£16.99 | $29.95
8 August 2013
216mm x 138mm
Cultural Studies, Business Studies, Economics, Human Rights, Politics, Sociology and Social Policy
A Copyright Masquerade
How Corporate Lobbying Threatens Online Freedoms
When thousands marched through ice and snow against a copyright treaty, their cries for free speech on the Internet shot to the heart of the European Union and forced a political U-turn. The mighty entertainment industries could only stare in dismay, their back-room plans in tatters.
This highly original analysis of three attempts to bring in new laws to defend copyright on the Internet - ACTA, Ley Sinde and the Digital Economy Act - investigates the dance of influence between lobbyists and their political proxies and unmasks the sophistry of their arguments. Copyright expert Monica Horten outlines the myriad ways that lobbyists contrived to bypass democratic process and persuade politicians to take up their cause in imposing an American corporate agenda. In doing so, she argues the case for stronger transparency in copyright policy-making.
A Copyright Masquerade is essential reading for anyone who cares about copyright and the Internet, and to those who care about freedom of speech and good government.
'This brilliant exposé shows how corporations and industry lobbyists manipulate the governance of digital networks to their own advantage. Behind the rhetoric about 'free markets' and the 'openness' of the net lurks a power politics reminiscent of the opium wars. Horten provides a detailed, beautifully written case study of the way neo-liberalism routinely and cynically cancels out the very rights and freedoms - privacy, due process - its legitimacy depends upon, as soon as they threaten to impede the pursuit of profit. A must read for anyone interested in how the contemporary mediascape has been prestructured to favour corporations over individuals.' - Graeme Kirkpatrick, Senior Lecturer in Sociology, Manchester University
'A Copyright Masquerade is an intriguing narrative about the ways that the copyright debate in the UK has been shaped by key stakeholders in their own interests to the point where it threatens online freedoms. This book is a compelling read for lawyers and others interested in the development of intellectual property law and it will stimulate important debates for years to come.' - Professor David S. Wall, Durham University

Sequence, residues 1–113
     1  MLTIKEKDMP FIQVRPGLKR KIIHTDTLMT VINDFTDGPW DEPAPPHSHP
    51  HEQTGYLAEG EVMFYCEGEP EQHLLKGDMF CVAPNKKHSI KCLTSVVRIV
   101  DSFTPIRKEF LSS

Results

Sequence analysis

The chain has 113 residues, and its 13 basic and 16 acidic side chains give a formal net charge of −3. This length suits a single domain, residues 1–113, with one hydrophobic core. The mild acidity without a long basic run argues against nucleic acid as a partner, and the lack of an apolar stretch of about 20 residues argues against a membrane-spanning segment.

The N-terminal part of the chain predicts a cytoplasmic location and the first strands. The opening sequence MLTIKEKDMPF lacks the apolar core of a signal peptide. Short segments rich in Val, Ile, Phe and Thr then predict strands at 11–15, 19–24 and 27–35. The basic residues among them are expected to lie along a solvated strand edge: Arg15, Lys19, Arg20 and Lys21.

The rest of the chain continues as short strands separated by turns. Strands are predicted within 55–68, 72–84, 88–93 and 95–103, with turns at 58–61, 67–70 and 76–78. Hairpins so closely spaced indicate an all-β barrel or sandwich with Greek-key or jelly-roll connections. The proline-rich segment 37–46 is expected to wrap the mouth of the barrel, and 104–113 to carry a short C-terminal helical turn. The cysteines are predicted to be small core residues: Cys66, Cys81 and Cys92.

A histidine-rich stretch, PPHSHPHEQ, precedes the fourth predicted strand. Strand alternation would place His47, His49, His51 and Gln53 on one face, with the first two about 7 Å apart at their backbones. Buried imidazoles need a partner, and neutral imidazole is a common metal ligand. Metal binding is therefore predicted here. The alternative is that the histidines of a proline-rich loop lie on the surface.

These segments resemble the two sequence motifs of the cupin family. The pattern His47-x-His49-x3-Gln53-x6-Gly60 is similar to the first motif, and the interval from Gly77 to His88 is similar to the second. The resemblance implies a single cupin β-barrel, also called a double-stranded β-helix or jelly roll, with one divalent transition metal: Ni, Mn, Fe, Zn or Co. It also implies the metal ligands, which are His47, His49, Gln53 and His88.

'In this timely and well judged analysis, Horten demonstrates that the Internet age, far from transforming corporate politics has merely shifted the concerns of policy-makers and powerful private sectors interests. If there has been a change, as she establishes, it is in the inability of copyright politics to continue to be conducted in smoke-filled back rooms. This book allows us to be guardedly optimistic about the ability of political process to properly balance the legitimate rights of consumers and copyright holding corporations.' - Christopher May , Professor of Political Economy, Lancaster University
'A Copyright Masquerade can verge on academic, but it remains engaging. At times, the legislative history (and the scandal involved) even has elements of intrigue. But most importantly, it’s extremely informative and demystifying, right from the first page's handy table of common acronyms. For those interested in the structures that influence copyright policy around the world, Horten's book will prove a valuable resource.' - Parker Higgins, Electronic Frontier Foundation
'Anyone interested in the future of copyright law in the European Union and the role lobbyists and corporations play in shaping legislation should read this timely and provocative book.' Simon Stokes, Entertainment Law Review
Table of Contents
Part I - Internet, entertainment and copyright: a political perspective
1 Copyright politics and the Internet: an introduction
2 Copyright and the Internet: what is at stake?
Part II - The American influence: America, ACTA and Special 301
3 Entertaining American objectives
4 A secret copyright treaty
5 Brussels copyfights
6 The EU masquerade
7 Special 301 for Spain
8 Ley Sinde
Part III - The politics of music: Britain and the Digital Economy Act
9 A memorandum with no understanding
10 Ministerial manoeuvres
11 Looking behind the myth
12 Musical lawyers
13 Obstacles in the Lords
14 A cowed Parliament
15 Lifting the masks
About the Author:
Dr Monica Horten is a Visiting Fellow at the London School of Economics and Political Science. She writes the influential IPtegrity blog on European Internet and copyright policy (www.iptegrity.com), attracting an international readership including academics, lawyers and policy-makers. She has a long track record as a writer on telecommunications and Internet matters and has written for the Daily Telegraph and the Financial Times. Her extensive portfolio includes articles on telecoms and mobile phone markets and on the Internet. Dr Horten researched her PhD at the University of Westminster from 2007 to 2010. She holds a masters degree with distinction in communications policy, a postgraduate diploma in marketing, and a bachelor of arts from the Australian National University.